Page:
NHC Visitor Information
The National Hurricane Center is
co-located with the Miami National Weather
Service Forecast Office on the main campus of
University at 11691 S.W. 17th Street, Miami, Florida. This location is
about 12 miles west of downtown Miami and 8 miles southwest of Miami
Visitor parking is available near the main entrance on the
south side of the Center, which faces S.W. 17th Street. Visitors
attending events in the Media/Seminar Room will find it near the main
entrance in Room 148. The Director's Office, the Administrative Office, and
Public Affairs may all be reached by calling (305) 229-4470.
Tours of the Center
Public tours of the NHC are available January through
mid-May, outside of the hurricane season for the Atlantic and Eastern
Pacific, by prior appointment.
There are several places to eat within a mile of the Center which are
open during the day and evening. While the FIU cafeteria and other
food concessions are available to the staff, they are difficult to
reach in a timely manner. Fast food and small restaurants can be found
in shopping centers around FIU, but are best reached by car. Most
shift workers and many day workers bring their lunch and use the
microwave at the office. Vending machines are also available.
Transient and Permanent Living Accommodations
The closest hotel to the NHC is the new
Comfort Suites located less than two miles from the Center. There are several other
hotels which are adjacent to expressways which lead to an exit nearby the Center:
Wellesley Inn (Kendall),
Fairfield Inn by Marriott, Best Western Kendall Hotel and Suites and
Marriott Residence Inn.
The National Hurricane Center is in
the middle of a large expanse of middle-class suburbs.
Apartments, condominiums, townhouses and homes are all available,
although the quality of the neighborhoods may vary. Local
expressways also provide routes from communities to the north,
east, and south. Commutes from these areas can range from 20
minutes to an hour.
Miami-Dade County has both an extensive county-wide bus system
and a Metrorail system. The Metrorail, unfortunately, does not
service the FIU area, so the only public transportation to the
National Hurricane Center is by bus.
Because of limited hours of bus service, extensive time involved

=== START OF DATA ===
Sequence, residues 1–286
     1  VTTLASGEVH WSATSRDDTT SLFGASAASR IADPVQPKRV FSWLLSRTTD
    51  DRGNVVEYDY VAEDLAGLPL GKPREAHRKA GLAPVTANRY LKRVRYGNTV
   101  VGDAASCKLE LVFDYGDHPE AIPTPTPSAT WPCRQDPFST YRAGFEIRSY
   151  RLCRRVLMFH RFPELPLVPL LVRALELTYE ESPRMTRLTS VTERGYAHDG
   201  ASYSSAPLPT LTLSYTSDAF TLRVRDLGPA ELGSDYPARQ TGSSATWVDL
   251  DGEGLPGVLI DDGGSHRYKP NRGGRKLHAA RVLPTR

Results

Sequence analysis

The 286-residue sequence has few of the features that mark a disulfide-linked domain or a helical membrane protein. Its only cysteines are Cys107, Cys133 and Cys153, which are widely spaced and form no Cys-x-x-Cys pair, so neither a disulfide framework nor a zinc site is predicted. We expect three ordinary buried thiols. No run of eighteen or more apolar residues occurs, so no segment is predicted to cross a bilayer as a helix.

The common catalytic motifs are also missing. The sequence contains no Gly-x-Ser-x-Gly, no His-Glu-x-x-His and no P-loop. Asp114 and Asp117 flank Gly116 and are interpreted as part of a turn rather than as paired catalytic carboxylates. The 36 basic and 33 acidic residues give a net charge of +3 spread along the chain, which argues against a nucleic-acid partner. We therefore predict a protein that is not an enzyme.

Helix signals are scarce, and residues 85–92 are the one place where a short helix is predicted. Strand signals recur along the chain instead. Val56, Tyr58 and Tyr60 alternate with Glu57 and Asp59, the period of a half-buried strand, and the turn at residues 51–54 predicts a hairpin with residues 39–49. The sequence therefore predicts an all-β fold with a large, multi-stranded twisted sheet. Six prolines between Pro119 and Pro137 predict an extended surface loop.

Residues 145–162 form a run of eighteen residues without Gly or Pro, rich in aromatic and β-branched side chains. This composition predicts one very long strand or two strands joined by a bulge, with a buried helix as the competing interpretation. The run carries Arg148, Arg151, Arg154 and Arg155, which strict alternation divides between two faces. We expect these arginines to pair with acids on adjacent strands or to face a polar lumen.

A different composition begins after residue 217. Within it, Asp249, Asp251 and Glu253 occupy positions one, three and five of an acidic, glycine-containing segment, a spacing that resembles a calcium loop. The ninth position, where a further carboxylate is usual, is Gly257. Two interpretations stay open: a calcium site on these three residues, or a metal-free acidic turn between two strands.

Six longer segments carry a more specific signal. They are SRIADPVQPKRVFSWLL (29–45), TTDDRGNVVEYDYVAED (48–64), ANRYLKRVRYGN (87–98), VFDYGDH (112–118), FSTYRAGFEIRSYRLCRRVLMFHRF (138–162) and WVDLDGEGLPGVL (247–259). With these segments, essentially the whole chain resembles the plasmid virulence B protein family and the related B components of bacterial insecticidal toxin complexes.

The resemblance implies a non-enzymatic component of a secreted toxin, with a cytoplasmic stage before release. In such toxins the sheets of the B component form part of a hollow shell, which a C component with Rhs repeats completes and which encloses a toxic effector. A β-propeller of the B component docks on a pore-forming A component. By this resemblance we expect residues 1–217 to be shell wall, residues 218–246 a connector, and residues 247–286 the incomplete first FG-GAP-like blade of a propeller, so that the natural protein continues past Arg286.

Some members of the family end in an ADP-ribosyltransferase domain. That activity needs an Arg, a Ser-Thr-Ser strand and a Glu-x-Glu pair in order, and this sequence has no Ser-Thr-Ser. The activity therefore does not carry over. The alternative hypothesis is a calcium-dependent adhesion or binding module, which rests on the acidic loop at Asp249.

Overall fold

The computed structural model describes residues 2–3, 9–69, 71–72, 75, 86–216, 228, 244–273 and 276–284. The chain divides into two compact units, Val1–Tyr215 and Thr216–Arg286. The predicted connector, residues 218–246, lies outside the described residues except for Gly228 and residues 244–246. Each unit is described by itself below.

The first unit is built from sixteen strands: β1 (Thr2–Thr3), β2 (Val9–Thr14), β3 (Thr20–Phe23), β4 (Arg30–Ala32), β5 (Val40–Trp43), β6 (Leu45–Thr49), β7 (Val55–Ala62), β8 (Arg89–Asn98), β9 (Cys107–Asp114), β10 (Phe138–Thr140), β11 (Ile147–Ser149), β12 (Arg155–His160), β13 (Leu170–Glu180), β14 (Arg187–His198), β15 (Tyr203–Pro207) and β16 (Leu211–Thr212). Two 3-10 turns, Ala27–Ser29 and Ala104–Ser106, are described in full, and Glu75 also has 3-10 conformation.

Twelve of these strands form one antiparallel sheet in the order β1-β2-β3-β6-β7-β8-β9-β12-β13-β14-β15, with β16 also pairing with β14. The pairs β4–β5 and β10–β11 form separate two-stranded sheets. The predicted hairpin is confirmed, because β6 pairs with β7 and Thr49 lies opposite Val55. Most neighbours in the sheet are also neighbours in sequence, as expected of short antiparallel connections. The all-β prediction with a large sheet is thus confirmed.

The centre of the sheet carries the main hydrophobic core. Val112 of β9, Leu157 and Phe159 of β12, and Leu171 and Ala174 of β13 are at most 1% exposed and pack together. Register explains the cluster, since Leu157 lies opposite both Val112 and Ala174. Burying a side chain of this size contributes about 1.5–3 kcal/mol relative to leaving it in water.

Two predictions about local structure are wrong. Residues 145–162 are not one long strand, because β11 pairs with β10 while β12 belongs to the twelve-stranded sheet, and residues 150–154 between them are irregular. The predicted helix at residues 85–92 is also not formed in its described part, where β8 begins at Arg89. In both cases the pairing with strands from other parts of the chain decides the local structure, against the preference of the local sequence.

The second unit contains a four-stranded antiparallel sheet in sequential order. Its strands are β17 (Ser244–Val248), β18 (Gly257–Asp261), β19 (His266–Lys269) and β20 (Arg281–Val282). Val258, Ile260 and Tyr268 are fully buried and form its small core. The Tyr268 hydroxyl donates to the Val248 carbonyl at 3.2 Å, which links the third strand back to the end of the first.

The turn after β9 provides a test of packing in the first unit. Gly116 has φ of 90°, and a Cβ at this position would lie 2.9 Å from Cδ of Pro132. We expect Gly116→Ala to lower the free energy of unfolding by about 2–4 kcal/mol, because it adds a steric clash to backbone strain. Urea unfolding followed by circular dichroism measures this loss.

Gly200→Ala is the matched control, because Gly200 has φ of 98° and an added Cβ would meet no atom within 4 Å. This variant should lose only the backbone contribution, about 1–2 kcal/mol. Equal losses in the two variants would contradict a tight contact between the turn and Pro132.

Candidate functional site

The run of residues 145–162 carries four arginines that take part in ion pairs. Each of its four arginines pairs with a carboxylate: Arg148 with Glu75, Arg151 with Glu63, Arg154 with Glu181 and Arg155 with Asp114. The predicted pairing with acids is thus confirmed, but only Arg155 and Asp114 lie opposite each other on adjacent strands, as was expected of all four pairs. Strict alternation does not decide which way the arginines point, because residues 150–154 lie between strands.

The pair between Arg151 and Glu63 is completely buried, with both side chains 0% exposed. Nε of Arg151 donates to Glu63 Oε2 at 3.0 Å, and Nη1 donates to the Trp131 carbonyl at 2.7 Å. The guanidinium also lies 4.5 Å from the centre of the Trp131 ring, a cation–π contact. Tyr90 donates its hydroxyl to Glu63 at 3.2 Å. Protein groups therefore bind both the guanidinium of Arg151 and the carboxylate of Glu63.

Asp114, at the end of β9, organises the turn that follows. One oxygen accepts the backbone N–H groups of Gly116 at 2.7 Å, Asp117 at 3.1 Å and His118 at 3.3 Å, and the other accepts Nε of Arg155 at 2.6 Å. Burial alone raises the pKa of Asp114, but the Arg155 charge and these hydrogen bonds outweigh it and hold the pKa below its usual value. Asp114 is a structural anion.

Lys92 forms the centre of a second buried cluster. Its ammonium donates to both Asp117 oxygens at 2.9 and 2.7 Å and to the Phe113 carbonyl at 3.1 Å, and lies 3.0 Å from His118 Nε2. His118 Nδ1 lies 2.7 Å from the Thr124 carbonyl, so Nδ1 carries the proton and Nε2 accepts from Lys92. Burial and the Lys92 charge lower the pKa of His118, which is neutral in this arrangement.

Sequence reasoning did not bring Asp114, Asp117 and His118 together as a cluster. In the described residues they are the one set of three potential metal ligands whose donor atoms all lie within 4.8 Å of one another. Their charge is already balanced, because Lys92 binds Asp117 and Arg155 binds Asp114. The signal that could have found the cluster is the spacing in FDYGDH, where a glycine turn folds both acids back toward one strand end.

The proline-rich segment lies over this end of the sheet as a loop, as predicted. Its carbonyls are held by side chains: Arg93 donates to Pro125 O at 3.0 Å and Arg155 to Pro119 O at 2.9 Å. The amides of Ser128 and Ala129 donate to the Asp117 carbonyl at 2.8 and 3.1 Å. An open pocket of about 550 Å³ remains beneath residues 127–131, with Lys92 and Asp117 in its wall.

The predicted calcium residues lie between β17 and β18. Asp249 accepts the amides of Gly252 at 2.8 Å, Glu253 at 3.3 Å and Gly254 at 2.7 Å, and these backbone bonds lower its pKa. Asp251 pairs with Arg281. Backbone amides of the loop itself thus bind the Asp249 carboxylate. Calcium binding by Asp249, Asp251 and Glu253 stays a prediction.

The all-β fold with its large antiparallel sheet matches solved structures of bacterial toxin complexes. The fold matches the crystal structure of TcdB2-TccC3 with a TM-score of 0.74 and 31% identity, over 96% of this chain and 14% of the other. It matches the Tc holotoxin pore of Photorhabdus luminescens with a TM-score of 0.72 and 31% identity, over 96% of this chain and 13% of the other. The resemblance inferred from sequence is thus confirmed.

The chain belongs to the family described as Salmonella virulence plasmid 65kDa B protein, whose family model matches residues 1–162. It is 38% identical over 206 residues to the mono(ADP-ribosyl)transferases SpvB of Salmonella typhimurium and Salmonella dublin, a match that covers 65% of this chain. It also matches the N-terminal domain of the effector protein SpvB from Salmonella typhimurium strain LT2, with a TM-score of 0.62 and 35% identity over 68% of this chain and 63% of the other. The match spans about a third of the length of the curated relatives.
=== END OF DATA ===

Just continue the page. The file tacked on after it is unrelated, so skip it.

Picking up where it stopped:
in travel to or from most sections, and a lack of bus service to
some areas, a personally owned vehicle is a necessity.
Fortunately, the Center is conveniently located near the
intersection of the Florida Turnpike (821) with the Dolphin
Expressway (836), which allow easy access by car (see
map). Transient visitors will find
offices of many major auto rental agencies at the Miami
Florida state sales tax is 6% (7% in Miami-Dade).
There is no state income tax. Property tax rates are assessed on
80% of the market value.
The Greater Miami area, which includes Miami-Dade and Broward
(Fort Lauderdale) counties, has over 3.5 million people of
diverse cultures. The area has all of the benefits and
detractions of a large metropolitan area. Shopping is plentiful,
access to a full range of watersports is available, and there are
a number of local tourist attractions. Visitors will find that
professional football, baseball, hockey, and basketball teams are
all located in the Miami area.
The secondary school system in Florida is not very highly rated,
although there are numerous high-quality private schools at all
levels. Major colleges and universities include:
Florida International University
University of Miami,
St. Thomas University, and
Miami Dade College
(6 campuses). Available employment in the area is mostly service
oriented, although there are exceptions.
Miami has a monsoon-type weather regime with the winters being
dry and cool and the summers wet and warm. In most years, the
occurrence of precipitation from mid-November to mid-May is
infrequent and brief. The exception is during El Nino years
when winter and spring months tend to have much above normal
rainfall and slightly cooler than normal temperatures. Cold
winter days in Miami are those with minimums in the 30s and 40s
and maximums in the 50s and lower 60s. Frosts and freezes are
rare, but do occur. However, because of the winds blowing over
the warm Gulfstream just offshore, within two or three days
after cold frontal passages, warmups are usually rapid with
minimums in the 60s and maximums in the 70s common in the
During the rest of the year, frequent shower and thunderstorm
activity occurs with rather heavy rainfall. Summertime minimums
seldom fall below 70 degrees with afternoon highs near 90.
However, a seabreeze in mid to late afternoon on most days
usually lowers the temperature to the mid-80's. Miami has the
highest frequency of hurricane force winds in the U.S. Detailed
climatological data can be found at the
Miami National Weather Service